Carnival Cruise Lines gave its travel agent Web portal a new look, new features and a new name.

Carnival changed the site's name to GoCCL.com from BookCCL.com and made changes designed to give agents greater ease of use, with features such as better site organization as well as a new search tool powered by Google, an up-to-date Resource Center and an enhanced eBrochure portal.

"We challenged ourselves to find new ways to make information easier to access and more intuitive, which is what our travel agent partners will find on the new GoCCL.com," Joni Rein, vice president of worldwide sales for Carnival, said in a statement. The Resource Center was designed to give agents faster access to a library of program and product information.

Carnival also said it removed the log-in requirement for unsecured areas so that travel agents can explore the site without waiting to log in to the system.
The cruise line said that a key design enhancement of the new portal is its one-click access, created directly as a result of travel agent feedback. The feature makes the popular areas of the site "one click away," Carnival said.

The enhanced eBrochure feature enables travel agents to select and customize digital brochures, bookmark relevant content and send it to prospective clients with customized email messages.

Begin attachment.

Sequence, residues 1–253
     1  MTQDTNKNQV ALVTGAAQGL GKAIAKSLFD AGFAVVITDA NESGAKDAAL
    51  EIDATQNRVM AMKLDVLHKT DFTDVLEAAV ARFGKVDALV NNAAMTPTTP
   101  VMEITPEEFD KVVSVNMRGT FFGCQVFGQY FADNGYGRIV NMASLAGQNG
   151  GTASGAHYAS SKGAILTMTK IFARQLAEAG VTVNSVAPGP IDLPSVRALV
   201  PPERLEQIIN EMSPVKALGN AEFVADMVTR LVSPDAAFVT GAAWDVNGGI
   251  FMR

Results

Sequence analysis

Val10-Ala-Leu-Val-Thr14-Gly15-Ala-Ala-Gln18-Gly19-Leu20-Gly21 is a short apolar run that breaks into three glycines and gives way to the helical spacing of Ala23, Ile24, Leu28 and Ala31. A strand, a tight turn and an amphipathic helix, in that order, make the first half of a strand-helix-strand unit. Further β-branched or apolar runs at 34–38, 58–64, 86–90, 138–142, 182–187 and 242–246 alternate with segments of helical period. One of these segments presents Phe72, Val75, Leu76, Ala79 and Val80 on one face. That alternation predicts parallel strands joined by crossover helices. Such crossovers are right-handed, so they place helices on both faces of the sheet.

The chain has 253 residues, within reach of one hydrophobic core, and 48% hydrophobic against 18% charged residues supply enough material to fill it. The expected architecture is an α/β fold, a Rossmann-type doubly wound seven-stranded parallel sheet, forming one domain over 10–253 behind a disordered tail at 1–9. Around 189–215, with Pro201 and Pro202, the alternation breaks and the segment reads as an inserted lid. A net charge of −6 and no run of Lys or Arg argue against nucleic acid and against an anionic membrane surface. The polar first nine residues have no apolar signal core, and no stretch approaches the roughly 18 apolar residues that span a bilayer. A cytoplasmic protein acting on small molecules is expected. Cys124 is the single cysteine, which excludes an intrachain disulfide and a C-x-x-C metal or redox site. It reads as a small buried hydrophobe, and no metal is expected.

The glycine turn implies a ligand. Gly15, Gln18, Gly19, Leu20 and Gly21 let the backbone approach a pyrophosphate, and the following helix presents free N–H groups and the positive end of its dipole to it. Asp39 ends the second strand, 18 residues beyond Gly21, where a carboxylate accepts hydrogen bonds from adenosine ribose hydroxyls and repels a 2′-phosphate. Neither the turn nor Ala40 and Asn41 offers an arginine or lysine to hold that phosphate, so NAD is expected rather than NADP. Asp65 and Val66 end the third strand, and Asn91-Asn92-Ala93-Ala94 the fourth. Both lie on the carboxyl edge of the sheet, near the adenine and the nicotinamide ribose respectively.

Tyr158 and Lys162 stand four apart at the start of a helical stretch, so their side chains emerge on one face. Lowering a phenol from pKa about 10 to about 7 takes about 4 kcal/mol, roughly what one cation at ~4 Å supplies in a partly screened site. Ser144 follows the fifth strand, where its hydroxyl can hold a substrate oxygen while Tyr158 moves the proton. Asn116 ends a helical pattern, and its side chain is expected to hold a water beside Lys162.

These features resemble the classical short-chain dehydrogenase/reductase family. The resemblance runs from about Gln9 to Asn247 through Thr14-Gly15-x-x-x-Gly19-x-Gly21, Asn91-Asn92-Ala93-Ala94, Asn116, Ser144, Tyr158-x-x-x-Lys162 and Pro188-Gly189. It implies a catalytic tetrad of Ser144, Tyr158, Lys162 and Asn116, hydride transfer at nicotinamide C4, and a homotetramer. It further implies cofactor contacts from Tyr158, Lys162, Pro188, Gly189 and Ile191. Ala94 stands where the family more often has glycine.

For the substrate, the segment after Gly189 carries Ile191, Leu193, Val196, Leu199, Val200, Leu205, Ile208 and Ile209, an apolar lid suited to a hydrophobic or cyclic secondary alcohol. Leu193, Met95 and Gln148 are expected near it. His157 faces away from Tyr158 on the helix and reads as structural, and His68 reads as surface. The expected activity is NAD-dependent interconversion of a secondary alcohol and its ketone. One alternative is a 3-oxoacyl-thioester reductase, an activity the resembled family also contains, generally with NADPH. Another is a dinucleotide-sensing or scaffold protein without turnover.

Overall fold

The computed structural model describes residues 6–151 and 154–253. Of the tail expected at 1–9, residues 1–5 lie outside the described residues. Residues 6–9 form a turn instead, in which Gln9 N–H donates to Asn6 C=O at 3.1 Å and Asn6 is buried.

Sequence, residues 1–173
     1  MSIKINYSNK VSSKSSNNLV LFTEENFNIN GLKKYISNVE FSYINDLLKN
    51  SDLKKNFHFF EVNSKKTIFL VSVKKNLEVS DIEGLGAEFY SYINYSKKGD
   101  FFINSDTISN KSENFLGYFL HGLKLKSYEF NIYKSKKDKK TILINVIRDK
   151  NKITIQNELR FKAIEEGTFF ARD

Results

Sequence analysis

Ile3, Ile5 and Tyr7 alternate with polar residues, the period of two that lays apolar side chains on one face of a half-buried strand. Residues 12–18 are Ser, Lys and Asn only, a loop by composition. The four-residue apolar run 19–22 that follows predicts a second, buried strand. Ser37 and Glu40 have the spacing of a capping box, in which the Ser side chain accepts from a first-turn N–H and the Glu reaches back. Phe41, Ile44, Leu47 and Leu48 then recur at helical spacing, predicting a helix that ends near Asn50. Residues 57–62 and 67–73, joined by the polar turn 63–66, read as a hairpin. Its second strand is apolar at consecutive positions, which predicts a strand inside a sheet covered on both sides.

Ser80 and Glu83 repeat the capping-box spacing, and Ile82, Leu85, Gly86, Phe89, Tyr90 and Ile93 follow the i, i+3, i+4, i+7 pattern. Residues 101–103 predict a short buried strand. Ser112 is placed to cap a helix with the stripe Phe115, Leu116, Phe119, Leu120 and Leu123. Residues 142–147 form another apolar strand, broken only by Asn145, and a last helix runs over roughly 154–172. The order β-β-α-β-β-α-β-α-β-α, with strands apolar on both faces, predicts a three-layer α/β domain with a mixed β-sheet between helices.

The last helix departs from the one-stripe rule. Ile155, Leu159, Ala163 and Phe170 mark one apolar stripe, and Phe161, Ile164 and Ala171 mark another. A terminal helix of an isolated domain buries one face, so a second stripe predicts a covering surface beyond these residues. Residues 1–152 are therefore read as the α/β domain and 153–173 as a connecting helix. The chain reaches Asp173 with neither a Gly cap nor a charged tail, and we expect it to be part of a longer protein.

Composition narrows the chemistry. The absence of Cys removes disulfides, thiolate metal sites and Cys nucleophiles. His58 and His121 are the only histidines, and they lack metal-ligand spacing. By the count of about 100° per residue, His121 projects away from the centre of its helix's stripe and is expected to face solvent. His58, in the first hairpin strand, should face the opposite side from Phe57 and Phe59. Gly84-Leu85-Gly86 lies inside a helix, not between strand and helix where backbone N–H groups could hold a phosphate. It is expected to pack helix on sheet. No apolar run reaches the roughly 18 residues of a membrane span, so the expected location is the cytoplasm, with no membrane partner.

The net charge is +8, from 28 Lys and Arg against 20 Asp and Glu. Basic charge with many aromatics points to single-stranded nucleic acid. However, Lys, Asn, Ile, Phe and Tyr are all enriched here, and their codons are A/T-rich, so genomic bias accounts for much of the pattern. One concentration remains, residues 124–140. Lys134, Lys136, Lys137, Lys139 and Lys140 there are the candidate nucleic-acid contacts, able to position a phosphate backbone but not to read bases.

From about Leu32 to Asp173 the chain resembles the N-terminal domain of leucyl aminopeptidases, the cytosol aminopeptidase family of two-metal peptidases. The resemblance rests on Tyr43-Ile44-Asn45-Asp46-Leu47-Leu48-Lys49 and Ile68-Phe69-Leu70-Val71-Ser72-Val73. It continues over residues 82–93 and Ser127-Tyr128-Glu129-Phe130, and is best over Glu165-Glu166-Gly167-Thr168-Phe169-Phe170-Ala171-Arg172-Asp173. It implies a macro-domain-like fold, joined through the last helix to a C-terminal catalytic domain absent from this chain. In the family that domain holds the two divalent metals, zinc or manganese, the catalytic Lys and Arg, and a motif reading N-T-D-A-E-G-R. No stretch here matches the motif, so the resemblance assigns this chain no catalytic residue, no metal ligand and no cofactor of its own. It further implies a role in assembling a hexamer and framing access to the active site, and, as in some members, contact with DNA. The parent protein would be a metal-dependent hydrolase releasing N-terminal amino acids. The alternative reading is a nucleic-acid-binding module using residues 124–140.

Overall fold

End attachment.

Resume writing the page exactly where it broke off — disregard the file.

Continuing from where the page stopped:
Travel agents have voiced complaints to Carnival that Book-CCL.com was not easy to use. Rein told Travel Weekly in May that Carnival was putting fixes in and adding functionality to the site.

"I heard that we had bugs, and we are doing our best to put our arms around the things we are identifying," Rein said. "But we also found that most things did work, but they were not intuitive. So, we have work to do on that because the functionality is there."

Lynn Edwards, of the Destinations Cafe travel agency in Orlando, said that her agency uses the site to create flyers and mailers as well as manage group bookings and some individual bookings.

"The site is easy to use and contains quite a bit of information. The changes really did not affect the functionality of the site, if you ask me," Edwards said.

She said a plus is that Carnival has a technical desk just for GoCCL.com that will walk agents through whatever they need.

"I have used them several times just trying to figure out which button to click," she said.

Edwards, like many agents, expressed concern about Carnival's drive toward forced automation.

"Most cruise lines can do anything we need them to do over the telephone, but Carnival insists that we use the site for berthing cabins in a group that do not have full deposit, or using certain promotions," Edwards said. "I believe Carnival is trying to streamline the process and reduce costs, a necessary move in this economy. ... The burden of the work is starting to fall on the travel agencies."

This report appeared in the Aug. 16 issue of Travel Weekly.

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